You read about the roles of the President and saw all of the benefits the President receives … but how does a person get that job with the cool White House? The Electoral College, of course – one of the most confusing parts of the American political system. The system is set up in Article II of the Constitution (you read it, right?), and we will examine it in detail in our next class.
YOUR TARGET – I can explain and evaluate the presidential election process.
To prepare …
Check out the road to the White House using the Road to the White House in Five Minutes infographic and/or the How to Become President of the United States Poster. These should give you an idea of how someone “throws the hat into the ring” and becomes a candidate for the Presidency. Once you get the idea, move to the next step!
Front load your brain on the Electoral College by taking some notes (Electoral College Notes) about the Electoral College using the sweet video below or at this link.
Watch one, two or more of these videos to get a general idea on the Electoral College (each video has its own bias). As you watch, come up with some questions – and post them in this PollEv with your name! We will (try to) make sense of all of this in class on Thursday.
- How The Electoral College Works
- How the Electoral College Works, and Why We Have One
- What is the U.S. electoral college and how does it work?
- How the Electoral College Works in 6 Minutes
Play Win the White House from iCivics or more Electoral College fun … and you can also use some of the sites below to get a better understanding of the Electoral College.
Want even more!?
- Check out my fave Electoral College site – 270 to Win
- Play VoteStar – an Electoral College game for some political fun.
- Electoral College-Home Page – From the National Archives, this site has a multitude of links, including historic information and an electoral college calculator
- The US Electoral College – from About.com and usgov.info
- US Congressional Documents: Presidential Elections and the Electoral College – from the Library of Congress
We have hit the basics of Congress – so now it’s time to head to 1600 Pennsylvania Avenue! To prepare for our next class, you have some “must dos”, some “can dos”, some “fun dos”, and some “holy smokes I really love this government stuff dos”.
MUST DO – Complete Article II of the Constitution analysis, focusing on the targets – it’s so much shorter than Article I! Also, pay some attention to the news to see what President Trump is doing, not doing, saying, and not saying.
CAN DO – Check out the 7 Hat Challenge from Scholastic for about five minutes – see how many you get right! You can also watch Crash Course – Presidential Powers for some more info!
FUN DO – – Play one four-year term of Executive Command – it will give you an idea of all that the President has to do! If you want a couple of Executive Branch links, you came to the right place … The Executive Branch | The White House / Federal Executive Branch | USA.gov / Presidential Fun Facts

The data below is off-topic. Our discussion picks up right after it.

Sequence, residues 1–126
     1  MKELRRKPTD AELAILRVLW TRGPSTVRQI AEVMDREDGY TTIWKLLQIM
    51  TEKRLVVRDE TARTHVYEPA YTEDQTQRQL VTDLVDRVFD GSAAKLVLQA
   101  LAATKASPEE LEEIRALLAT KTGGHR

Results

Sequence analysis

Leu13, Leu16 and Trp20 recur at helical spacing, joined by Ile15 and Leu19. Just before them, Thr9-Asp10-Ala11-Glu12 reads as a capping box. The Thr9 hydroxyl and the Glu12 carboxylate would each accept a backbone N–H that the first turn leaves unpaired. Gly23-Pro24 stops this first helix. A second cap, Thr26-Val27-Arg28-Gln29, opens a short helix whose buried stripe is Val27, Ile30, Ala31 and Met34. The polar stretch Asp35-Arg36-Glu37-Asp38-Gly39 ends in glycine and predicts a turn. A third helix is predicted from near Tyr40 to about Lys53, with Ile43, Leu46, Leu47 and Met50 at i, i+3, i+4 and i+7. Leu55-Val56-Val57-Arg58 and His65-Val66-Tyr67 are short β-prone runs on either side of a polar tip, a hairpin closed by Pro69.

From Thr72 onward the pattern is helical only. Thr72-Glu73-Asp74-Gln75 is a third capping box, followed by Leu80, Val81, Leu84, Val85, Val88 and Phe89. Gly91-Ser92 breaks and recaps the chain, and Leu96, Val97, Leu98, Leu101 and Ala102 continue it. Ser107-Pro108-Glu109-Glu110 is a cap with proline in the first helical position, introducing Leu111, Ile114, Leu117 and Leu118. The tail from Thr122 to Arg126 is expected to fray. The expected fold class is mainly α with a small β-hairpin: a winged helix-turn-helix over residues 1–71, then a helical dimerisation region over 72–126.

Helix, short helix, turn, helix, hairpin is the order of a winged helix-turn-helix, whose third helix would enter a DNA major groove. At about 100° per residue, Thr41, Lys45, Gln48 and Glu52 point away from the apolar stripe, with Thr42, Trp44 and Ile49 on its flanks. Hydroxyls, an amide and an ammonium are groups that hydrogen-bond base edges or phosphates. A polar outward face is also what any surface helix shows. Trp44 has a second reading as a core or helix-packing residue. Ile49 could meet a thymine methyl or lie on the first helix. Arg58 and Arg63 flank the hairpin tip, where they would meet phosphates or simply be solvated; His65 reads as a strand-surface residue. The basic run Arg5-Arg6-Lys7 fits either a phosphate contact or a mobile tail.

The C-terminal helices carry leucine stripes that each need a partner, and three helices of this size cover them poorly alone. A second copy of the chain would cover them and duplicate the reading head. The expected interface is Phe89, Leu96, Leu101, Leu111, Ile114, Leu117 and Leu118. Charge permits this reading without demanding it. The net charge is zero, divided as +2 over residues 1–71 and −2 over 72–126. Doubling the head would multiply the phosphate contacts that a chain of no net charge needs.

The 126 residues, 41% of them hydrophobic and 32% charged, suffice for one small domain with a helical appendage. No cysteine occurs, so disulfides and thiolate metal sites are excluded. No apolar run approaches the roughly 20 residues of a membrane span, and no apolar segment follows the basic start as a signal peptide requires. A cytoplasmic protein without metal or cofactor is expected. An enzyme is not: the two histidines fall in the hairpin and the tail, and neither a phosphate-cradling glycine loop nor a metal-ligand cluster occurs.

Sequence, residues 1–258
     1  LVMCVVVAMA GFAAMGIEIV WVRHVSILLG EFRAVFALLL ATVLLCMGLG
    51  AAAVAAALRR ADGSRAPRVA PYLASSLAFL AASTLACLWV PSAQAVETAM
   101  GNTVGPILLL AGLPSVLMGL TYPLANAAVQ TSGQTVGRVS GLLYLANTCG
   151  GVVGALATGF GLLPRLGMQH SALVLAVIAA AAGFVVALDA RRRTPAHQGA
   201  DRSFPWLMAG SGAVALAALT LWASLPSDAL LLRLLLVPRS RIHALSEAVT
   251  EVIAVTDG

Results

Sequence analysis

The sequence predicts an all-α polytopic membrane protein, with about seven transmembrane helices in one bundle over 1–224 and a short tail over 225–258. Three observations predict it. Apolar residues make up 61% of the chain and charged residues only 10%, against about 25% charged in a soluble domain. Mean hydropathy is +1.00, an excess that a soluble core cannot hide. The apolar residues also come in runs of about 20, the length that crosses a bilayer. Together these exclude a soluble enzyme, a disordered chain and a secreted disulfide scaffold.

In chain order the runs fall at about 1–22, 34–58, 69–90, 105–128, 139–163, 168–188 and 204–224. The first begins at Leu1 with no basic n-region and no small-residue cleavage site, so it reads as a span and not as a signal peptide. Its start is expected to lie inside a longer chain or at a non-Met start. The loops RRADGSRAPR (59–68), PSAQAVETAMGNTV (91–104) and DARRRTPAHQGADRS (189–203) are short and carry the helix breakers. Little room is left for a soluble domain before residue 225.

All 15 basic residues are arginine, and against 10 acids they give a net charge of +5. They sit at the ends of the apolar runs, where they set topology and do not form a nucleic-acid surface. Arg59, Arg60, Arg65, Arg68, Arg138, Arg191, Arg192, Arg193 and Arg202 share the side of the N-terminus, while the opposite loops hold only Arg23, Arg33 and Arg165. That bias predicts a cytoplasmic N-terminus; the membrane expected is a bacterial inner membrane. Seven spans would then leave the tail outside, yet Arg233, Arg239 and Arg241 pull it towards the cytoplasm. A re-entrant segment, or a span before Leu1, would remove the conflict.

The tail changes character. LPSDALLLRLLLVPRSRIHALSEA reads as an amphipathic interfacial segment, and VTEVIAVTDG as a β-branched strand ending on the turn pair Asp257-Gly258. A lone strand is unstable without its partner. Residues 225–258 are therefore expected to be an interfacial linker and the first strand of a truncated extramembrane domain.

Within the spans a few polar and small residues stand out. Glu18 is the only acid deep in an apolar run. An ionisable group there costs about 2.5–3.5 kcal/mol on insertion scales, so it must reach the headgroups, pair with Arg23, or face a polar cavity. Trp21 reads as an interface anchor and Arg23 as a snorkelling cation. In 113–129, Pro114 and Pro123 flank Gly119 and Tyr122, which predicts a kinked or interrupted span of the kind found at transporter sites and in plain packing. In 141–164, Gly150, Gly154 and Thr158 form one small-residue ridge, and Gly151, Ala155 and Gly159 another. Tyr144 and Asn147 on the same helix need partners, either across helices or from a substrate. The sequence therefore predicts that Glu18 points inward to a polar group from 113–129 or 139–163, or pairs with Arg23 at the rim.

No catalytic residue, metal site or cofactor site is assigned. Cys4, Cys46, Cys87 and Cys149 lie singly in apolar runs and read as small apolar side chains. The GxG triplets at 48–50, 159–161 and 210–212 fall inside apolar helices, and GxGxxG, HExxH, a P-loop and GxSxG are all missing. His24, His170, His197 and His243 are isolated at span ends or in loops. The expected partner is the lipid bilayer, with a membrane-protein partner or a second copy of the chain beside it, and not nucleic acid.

HOLY SMOKES I REALLY LIKE THIS GOVERNMENT STUFF DO – Like trivia? Try out Taft’s Presidential Trivia #1? Good times learning about the Chief Executives … and I am sure there are some Jolly Ranchers in store for the people that get the answers all right!
How does a bill become a law in Congress? The process is established in the Constitution (Article I Section 7), but it has become a bit more detailed since 1787. Read the handout presented in class for the basics, and if you want to dig in deeper, check out the resources below. good times!
- Play the LawCraft game – be a member of the congress, select you house and state, determine your issues that interest you, and try to get the law passed. If you do, print it out!
- The filibuster is always interesting to young historians. You can see what a filibuster is here, read about a recent possible filibuster, and watch a famous dramatic filibuster from Mr. Smith Goes to Washington.
- End your afternoon / evening with I’m Just a Bill … and the Family Guy version
YEAH LEGISLATIVE BRANCH! When you finish Article I, you are halfway done with the Consitition, Get some ice cream?
If you want to see a little bit of Congress in action, play LawCraft, a fun legislation game from iCivics.org! Gotta love government games …
You cab also really see Congress in action on C-SPAN.org How about a live stream of the House and the Senate (and more political stuff from Washington?
Want to find out even more? Of course! Check out …
- The U.S. House of Representatives Official Site – the home of the lower house
- The U.S. Senate Official Site – the upper house online
- Ballotpedia’s coverage of the 115th Congress
- Congress for Kids – really, for kids younger than you
- Federal Legislative Branch – links a’plenty
- The Legislative Branch from the White House site – see what the Executive Branch has to say
- Thomas – The Library of Congress – Mrs. E loves this place